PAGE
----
Nowadays the majority of students would proclaim themselves feminists. If we were asked about the gender gap at university, we would probably assume that women are at a disadvantage. But actually, a report called Boys to Men by the HEPI revealed that in terms of academic achievement in higher education, it’s men who are under-performing.
According to UCAS, at the age of 18 women are much more likely to go to university – 35% more likely, in fact. That means 36,000 fewer men enter into higher education each year on average in the UK.
Once boys have been accepted onto a university course, there’s another huge gender gap: they’re more than 8% likely to drop out before they finish their first year than girls.
And more than 40,000 more women than men received first class honours for their undergraduate degree when the study took place in 2011.
However, this report doesn’t tell the full story.
After having left university, the tables turn and women in the workplace are left at a huge disadvantage.
“In all the meetings I go to, I never meet women,” says Martha Lane Fox, co-founder of Lastminute.com, to the BBC. The sad fact behind her experience is that women make up a total of less than 10% of all board and director level jobs in UK companies.
But if women at university tend to surpass men, why are female graduates being so undervalued?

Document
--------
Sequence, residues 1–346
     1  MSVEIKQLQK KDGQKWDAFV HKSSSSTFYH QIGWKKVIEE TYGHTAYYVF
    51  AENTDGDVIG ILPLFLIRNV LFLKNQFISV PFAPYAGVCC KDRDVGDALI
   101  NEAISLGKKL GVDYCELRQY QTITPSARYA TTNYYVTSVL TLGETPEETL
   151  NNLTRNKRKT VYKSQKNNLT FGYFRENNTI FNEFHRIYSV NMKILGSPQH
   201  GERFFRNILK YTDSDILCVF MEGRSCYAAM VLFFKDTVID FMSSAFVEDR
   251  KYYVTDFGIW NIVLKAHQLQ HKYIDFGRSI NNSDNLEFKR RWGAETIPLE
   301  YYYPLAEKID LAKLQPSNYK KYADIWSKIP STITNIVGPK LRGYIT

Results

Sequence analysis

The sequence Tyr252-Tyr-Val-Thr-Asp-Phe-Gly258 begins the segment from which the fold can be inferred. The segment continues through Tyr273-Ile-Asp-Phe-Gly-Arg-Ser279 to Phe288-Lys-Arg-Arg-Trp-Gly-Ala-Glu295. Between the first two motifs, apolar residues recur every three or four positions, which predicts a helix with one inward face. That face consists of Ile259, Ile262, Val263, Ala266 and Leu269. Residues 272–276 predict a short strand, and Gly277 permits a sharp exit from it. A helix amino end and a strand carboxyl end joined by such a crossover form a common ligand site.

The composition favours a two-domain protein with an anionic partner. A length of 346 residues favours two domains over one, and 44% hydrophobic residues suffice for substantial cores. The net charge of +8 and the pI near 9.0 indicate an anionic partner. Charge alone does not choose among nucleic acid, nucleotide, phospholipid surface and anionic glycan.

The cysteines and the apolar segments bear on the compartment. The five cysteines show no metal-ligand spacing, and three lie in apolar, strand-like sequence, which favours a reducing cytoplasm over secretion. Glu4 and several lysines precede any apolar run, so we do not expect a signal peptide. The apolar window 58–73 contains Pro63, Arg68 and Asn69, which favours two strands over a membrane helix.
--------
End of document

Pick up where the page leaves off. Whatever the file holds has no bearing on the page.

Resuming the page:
The ‘glass ceiling’ is a term used to describe this trend. It refers to a barrier so subtle you can barely see it, and yet so forceful it stops women from climbing to the top of the ladder at work.
The largest factor is the gender pay gap, which according to the government’s figures for 2015 has decreased to 9.4%, the lowest it’s ever been (meaning a woman earns 94p for every pound a man makes). However, in work as managers, directors and senior officials specifically, there is an 18.9% gap between men and women’s pay.
On top of this, prejudice and discrimination are still rife in the workplace. Pregnant women often struggle to go back to their previous positions after maternity leave, and a survey found that 27% of bosses would have reservations about hiring a woman ‘of childbearing age’, simply to avoid the chance that she might become pregnant.
What’s more, a poll by The Everyday Sexism Project found that half of women had been sexually harassed or assaulted at work, and many admitted not reporting the incidents for fear of losing their jobs. Even something as seemingly harmless as an unfair dress code, or forcing women to wear uncomfortable heels until their feet bleed can inhibit women from reaching for higher roles.
While most research shows that opportunities for women in the workplace have been slowly increasing, it’s clear that there’s still a long way to go towards getting rid of the gender gap both at university and in the workplace.